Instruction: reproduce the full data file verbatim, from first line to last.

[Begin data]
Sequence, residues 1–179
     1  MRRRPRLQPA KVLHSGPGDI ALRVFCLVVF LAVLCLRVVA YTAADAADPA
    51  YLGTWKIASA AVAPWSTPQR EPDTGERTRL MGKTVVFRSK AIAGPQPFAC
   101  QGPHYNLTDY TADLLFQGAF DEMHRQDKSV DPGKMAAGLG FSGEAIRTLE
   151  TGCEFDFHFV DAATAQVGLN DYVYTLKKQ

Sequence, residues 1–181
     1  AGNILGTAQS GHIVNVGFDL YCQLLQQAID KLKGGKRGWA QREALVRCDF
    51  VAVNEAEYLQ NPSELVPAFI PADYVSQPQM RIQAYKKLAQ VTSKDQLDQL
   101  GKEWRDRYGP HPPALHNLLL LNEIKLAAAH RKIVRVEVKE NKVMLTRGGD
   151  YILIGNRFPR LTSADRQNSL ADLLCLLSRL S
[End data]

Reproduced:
Sequence, residues 1–179
     1  MRRRPRLQPA KVLHSGPGDI ALRVFCLVVF LAVLCLRVVA YTAADAADPA
    51  YLGTWKIASA AVAPWSTPQR EPDTGERTRL MGKTVVFRSK AIAGPQPFAC
   101  QGPHYNLTDY TADLLFQGAF DEMHRQDKSV DPGKMAAGLG FSGEAIRTLE
   151  TGCEFDFHFV DAATAQVGLN DYVYTLKKQ

Sequence, residues 1–181
     1  AGNILGTAQS GHIVNVGFDL YCQLLQQAID KLKGGKRGWA QREALVRCDF
    51  VAVNEAEYLQ NPSELVPAFI PADYVSQPQM RIQAYKKLAQ VTSKDQLDQL
   101  GKEWRDRYGP HPPALHNLLL LNEIKLAAAH RKIVRVEVKE NKVMLTRGGD
   151  YILIGNRFPR LTSADRQNSL ADLLCLLSRL S